McKown v. Symetra Life Insurance Co. (Lawyers Weekly No. 002-241-14, 6 pp.) (R. Bryan Harwell, J.) 4:13-cv-00982; D.S.C.
Holding: A reasonable jury could determine that, by accepting a premium payment and depositing the funds, and only returning the premium after three weeks had passed and the defendant-insurer had been informed of the insured’s death, an implied contract (a reinstatement of the insured’s life insurance policy) was created. Accordingly, on reconsideration, the insurer is still not entitled to summary judgment on plaintiff’s breach of implied contract claim.
The mere fact that the express contract was not reinstated does not mean that a subsequent implied contract did not arise. Regardless of the strength of defendant’s arguments, there is more than a scintilla of evidence as noted by plaintiff:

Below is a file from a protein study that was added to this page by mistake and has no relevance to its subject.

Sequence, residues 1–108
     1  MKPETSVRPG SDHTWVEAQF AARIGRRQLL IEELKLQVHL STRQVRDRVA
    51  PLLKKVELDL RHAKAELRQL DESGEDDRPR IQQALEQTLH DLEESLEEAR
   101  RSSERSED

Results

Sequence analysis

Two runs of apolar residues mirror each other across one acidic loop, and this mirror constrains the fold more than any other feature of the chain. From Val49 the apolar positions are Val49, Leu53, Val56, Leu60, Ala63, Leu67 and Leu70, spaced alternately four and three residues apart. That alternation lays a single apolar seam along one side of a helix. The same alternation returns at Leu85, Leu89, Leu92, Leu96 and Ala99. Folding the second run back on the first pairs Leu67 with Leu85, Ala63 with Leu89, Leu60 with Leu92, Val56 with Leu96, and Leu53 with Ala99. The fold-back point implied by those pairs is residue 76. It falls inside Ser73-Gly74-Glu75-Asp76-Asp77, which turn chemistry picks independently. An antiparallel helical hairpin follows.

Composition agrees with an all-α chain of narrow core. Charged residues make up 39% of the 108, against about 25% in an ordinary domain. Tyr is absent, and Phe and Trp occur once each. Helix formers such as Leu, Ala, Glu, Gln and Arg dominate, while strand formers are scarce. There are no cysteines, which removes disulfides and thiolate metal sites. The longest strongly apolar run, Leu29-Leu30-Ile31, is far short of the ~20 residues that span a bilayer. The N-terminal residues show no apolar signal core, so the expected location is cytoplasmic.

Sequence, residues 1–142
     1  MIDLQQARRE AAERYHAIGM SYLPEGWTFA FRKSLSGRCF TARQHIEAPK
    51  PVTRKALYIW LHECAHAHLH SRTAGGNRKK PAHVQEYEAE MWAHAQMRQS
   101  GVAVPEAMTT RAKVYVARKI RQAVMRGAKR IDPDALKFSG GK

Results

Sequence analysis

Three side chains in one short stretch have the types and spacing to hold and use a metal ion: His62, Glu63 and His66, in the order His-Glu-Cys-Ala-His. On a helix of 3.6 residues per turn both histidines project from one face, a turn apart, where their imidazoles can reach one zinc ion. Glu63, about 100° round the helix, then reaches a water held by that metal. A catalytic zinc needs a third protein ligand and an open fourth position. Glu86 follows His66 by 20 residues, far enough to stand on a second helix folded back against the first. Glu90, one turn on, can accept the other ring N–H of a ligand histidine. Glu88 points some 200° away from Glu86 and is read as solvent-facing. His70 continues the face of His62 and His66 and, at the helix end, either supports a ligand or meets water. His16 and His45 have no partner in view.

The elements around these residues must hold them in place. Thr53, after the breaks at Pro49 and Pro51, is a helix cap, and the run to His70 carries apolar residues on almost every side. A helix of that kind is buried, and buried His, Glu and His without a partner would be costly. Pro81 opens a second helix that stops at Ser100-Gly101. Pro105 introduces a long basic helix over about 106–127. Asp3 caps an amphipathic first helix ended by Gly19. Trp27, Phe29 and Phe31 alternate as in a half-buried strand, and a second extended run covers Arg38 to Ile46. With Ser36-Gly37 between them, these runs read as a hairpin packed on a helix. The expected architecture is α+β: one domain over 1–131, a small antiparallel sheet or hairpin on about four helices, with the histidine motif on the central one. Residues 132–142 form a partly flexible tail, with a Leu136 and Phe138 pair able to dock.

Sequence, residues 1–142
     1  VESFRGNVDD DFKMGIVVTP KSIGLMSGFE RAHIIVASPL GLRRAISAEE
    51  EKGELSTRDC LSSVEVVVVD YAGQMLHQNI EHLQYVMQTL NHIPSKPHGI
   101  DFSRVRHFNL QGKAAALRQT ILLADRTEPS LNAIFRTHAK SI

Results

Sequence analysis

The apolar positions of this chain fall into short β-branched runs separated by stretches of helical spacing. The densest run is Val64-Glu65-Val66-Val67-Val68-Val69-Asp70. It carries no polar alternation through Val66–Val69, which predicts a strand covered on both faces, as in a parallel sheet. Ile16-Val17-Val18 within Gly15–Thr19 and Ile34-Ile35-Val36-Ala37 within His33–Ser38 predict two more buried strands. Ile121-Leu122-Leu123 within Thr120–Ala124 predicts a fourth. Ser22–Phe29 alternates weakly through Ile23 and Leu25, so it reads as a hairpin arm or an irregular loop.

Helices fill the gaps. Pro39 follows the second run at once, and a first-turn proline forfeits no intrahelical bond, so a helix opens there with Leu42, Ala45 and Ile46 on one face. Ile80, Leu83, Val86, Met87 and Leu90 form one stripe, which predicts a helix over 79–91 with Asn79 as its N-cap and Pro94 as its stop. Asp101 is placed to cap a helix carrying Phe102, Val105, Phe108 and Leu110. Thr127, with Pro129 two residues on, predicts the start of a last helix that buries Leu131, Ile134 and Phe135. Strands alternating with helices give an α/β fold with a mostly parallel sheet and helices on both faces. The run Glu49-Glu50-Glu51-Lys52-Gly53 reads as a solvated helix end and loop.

The insured had already been in a contractual relationship with defendant insurance company since 1989 and had faithfully paid premiums since that time. When he missed a premium in the fall of 2009, the insurance company offered a reinstatement. He sent in the required premium to reinstate the policy and to reinstate a longstanding relationship with the defendant-insurance company. The insurance company cashed the check. The insurance company did not attempt to refund the monies until after the death of the insured.
Contradictory evidence has been presented in the record. Where there is a genuine dispute of fact, the issue should be submitted to the jury.
Accordingly, the court finds no clear error of law or need to prevent manifest injustice, and denies reconsideration.